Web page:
Thirteenth Sunday in Ordinary Time, Year A, Catechist

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Catechist Background and Preparation
To prepare for this session, read all the readings.

2 Kings 4:8 - 11, 14 - 16
Psalm 89:2 - 3, 16 - 17, 18 - 19
Romans 6:3 - 4, 8 - 11
Matthew 10:37 - 42

Spend a few minutes reflecting on what these readings mean for you today. Is there a particular reading that appeals to you? Is there a word or image that engages you?

Read the following Word in Liturgy and Catholic Doctrine sections. Read the Word in Liturgy and Catholic Doctrine sections. These give you background on what you will be doing this session. Read over the session outline and make it your own. Check to see what materials you will need.

The Word In Liturgy

Today's first reading from 2 Kings is part of a cycle of stories about the prophet Elisha, disciple and successor to Elijah.

Written around the beginning of the eighth century before Christ, more than a hundred years after Elisha's death, these tales show evidence of the oral tradition that formed and transmitted them and of the concerns of the deuteronomic editor who incorporated them into his theological history of Israel. They were designed to reinforce a popular awareness of the prophets as instruments of the all-powerful word of Yahweh that was ever ready to reward the good deeds of the people, to rescue them in time of need, and to punish them for their infidelities. The reason for the choice of this pericope is clearly the reference in today's gospel that those who welcome a prophet will receive a prophet's reward.

Today's gospel concludes both the missionary discourse from which we have been reading the past several weeks, as well as book two (8:1 - 10:42) of Matthew's gospel, which dealt with Jesus' ministry and mission in Galilee. Matthew's community had already experienced the cost of discipleship in the form of the very persecutions and rejections alluded to in these verses. Matthew wants his readers to understand that these were not unpredictable aberrations from God's plan. Rather, the cross is for the disciples of Jesus, as for the Master himself, the inevitable consequence of obedience to the Father's will. The final point made is that every disciple represents Jesus and should be treated accordingly, a commonplace Semitic perspective that the disciple embodies the presence and power of the Master.

Catholic Doctrine
Sacrament of Baptism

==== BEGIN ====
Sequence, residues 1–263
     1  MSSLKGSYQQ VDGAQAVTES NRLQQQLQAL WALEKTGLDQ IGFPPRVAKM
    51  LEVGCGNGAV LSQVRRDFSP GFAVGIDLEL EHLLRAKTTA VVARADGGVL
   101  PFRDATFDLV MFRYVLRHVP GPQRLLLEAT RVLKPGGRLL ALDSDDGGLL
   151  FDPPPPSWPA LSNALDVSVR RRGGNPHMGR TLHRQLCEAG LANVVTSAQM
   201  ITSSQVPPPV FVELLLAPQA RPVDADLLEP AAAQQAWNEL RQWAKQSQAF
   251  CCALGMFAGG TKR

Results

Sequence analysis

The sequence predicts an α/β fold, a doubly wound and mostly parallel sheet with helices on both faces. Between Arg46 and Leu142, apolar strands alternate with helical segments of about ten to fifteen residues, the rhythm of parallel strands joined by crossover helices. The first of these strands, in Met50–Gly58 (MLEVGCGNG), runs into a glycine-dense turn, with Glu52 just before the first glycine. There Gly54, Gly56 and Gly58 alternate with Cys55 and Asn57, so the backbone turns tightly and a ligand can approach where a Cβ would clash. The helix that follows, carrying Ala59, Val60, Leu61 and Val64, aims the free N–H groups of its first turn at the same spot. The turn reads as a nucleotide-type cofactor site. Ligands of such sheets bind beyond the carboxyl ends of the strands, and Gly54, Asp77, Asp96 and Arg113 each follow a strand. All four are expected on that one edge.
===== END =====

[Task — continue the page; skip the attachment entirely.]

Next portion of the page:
We Catholics hold that the celebration of this sacrament is the gateway to the spiritual life, and, as such, its effects can be detailed in a number of ways. To begin with, baptism (along with confirmation and Eucharist) initiates one as a member into the Church. Claimed by Christ in baptism, each initiate is given a share in the priesthood of all believers. Thus, by baptism we belong to one another, a community whose members pour out their lives in service to one another, each using their unique gifts and abilities to build up the whole (CCC 1268 - 69). In addition, because we also believe that the Church is not merely a social collection of individual people but the living, mystical body of Christ, baptism also joins one to the Lord.

While we Catholics believe that faith and baptism are closely linked, and that a first faith is required as evidence before one can go into the life-giving waters, we also affirm that what is being professed and offered in the sacrament is the faith of the Church itself. This is the theological reasoning behind the baptism of infants. Every individual who is baptized, regardless of chronological age, is called to grow in maturity and develop the practice of the faith with the help of the entire household of the faithful (CCC 1253).

Finally, the Catholic Church understands baptism as our incorporation into Christ's mission. Believers step forth from the baptismal font, washed and reborn, indeed, reinvigorated so that they might proclaim the good news of salvation by their words and deeds in every circumstance of life that they will meet.


Posted in: Sessions A